The file storage hierarchy is probably going to look very familiar to most of you. First of all, we'll have our storage account. Within our storage account, we'll have our shares. In my example, I'm using HR and Financials. Then we'll have our directories. So in HR, I have Training and Hiring, and in Financials, we have 2016. And then we have all of our files. The directories are optional, but I like to keep my files organized by directory. But that will be your choice. And finally, we have the Azure Table service, which stores structured NoSQL data.
It uses the key/attribute without a schema, and we have flexible datasets, meaning that it will work well with web apps and address books. And the typical hierarchy for table service will include, again, the storage account, our tables, and then our entities within those tables. In my example here, I have Clients, and the entity associated with that client will be the name and phone. And then I have Pictures, so I have a picture ID and a location. Azure Storage supports HTTP and HTTPS, but HTTPS is recommended, and authentication is required to access data.
And you can use Shared Key and Shared Key Lite for authentication to secure the access to storage services. The Shared Key Lite is used for code that is written prior to September 2009. You can read and change the data within your storage services. You can do it using a browser, Visual Studio, or other applications. My current favorite right now just happens to be the Microsoft Azure Storage explorer. You can change data using the Storage API or Storage Client Library, and all the updates are atomic, meaning previously committed data will be returned while the blob is being updated.
Just as our regular on premise storage, you're going to be transferring data back and forth. Azure Storage uses the copy blob operation, which uses Asynchronous copy, or Async, and it copies the entire source blob or file. Ranges are not supported. And finally, we're going to close off our quick overview of Azure Storage with scale and load balancing. Azure Storage will scale and load balance automatically, and does so using partitioning. This is achieved because the object in the storage belongs to a partition, and it's this partition that determines how the storage service is balanced across the servers.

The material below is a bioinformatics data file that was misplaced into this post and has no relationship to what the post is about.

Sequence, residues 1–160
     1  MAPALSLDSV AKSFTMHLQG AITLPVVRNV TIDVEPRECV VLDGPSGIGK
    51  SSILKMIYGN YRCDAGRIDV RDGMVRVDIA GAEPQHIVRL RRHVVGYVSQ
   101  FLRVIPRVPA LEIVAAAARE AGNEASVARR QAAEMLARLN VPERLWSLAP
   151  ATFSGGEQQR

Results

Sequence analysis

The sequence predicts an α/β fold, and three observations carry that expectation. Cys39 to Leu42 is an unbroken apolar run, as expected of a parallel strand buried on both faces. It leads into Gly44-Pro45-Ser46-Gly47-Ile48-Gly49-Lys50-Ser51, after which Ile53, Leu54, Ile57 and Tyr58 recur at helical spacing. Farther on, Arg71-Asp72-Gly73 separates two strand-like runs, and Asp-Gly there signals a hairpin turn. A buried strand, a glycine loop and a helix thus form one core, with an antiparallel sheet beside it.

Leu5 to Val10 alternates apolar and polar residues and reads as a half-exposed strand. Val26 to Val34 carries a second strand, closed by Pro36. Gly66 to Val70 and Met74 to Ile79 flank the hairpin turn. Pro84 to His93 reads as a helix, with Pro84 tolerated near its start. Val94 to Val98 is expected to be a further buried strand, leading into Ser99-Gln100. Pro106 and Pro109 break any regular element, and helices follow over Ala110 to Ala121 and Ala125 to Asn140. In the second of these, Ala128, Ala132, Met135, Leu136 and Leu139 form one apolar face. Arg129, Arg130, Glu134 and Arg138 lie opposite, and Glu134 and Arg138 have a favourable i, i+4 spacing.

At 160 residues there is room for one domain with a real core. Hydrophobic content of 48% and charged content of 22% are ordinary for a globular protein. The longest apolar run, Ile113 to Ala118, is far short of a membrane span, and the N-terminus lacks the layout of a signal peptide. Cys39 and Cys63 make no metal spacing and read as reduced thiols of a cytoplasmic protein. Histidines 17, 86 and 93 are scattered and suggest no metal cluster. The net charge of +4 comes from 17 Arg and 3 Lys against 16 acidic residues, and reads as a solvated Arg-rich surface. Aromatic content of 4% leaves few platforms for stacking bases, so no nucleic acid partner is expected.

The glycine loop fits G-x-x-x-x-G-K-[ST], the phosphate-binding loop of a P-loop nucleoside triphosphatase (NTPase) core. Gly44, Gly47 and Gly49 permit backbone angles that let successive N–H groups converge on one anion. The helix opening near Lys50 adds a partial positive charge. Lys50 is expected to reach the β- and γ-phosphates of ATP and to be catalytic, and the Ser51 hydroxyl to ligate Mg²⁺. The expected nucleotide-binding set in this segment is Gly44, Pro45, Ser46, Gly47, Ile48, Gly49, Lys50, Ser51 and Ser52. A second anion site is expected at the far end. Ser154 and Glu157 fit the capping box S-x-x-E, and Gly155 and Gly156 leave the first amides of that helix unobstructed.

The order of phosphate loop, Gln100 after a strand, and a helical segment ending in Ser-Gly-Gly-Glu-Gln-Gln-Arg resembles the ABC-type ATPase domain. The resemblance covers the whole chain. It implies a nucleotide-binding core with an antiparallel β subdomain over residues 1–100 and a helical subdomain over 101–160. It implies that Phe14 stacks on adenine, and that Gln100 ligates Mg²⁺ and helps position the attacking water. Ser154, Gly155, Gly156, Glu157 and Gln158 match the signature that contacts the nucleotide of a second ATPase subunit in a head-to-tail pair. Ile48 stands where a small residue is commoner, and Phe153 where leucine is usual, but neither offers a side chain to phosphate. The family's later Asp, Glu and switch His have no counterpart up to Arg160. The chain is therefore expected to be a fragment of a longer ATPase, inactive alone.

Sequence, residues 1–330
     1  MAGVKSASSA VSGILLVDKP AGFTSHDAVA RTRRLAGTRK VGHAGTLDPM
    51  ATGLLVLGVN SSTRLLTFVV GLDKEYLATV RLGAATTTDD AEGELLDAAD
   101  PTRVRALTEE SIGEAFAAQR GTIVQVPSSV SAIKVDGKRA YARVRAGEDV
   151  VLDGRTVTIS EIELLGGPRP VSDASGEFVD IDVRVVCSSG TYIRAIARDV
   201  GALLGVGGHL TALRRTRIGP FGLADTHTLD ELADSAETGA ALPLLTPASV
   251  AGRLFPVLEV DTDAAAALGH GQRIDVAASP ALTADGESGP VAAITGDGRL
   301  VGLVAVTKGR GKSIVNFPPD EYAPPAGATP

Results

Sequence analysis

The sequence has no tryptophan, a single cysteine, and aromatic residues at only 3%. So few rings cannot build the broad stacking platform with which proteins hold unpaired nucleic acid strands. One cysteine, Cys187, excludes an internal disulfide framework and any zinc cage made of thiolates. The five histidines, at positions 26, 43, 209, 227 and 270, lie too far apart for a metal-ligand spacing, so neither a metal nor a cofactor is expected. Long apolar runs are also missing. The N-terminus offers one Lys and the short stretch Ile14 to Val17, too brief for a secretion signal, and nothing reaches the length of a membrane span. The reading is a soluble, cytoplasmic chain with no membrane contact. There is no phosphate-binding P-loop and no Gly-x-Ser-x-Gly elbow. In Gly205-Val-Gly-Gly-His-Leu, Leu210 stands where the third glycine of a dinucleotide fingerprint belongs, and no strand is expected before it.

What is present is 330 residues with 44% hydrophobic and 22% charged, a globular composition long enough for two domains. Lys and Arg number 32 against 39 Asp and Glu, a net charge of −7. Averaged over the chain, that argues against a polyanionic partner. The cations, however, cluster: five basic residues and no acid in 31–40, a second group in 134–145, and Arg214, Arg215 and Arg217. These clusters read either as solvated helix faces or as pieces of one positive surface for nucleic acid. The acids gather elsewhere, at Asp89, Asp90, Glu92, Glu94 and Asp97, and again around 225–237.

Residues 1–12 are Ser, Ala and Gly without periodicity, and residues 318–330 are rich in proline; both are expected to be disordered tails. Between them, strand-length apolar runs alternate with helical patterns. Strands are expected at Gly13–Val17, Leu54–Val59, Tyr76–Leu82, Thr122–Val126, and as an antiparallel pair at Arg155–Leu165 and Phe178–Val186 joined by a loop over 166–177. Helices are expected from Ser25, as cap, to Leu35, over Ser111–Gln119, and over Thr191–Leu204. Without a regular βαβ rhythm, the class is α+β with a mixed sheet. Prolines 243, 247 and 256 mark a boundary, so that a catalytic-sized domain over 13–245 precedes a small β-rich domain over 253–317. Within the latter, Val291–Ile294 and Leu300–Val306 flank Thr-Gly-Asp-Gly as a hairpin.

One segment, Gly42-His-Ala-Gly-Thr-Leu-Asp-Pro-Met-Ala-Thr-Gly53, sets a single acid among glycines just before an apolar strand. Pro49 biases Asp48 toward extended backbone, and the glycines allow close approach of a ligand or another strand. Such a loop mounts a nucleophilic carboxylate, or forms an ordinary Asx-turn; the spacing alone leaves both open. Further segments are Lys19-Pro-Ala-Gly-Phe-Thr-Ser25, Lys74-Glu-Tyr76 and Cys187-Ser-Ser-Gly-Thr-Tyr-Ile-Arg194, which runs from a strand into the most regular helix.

For our blob service, each blob has its own partition, and can spread across multiple servers for scaling. When we're using the table service, the partition includes all the entities within the same partition key. For our queues, all the messages are grouped together into a partition, which is serviced by one server. And for our files, all the files in a share are in a single partition. Azure Storage is a key component of your infrastructure within Azure. This is where we house our virtual machines, our files.
For those of you who are into some Dove, tables and queues will be critical for you. We could spend hours talking about Azure Storage, but for this course, we're going to keep it fairly light. And for those of you who would like to spend more time in Azure Storage, I've provided some links in the handouts for you to reference.
- Implementing storage blobs and Azure files
- Managing access
- Configuring diagnostics, monitoring, and analytics
- Enabling and viewing logs
- Implementing Azure SQL databases
- Implementing recovery services
- Creating an Azure Backup vault
- Configuring the Azure Backup agent
- Backing up and restoring files
- Backing up an Azure virtual machine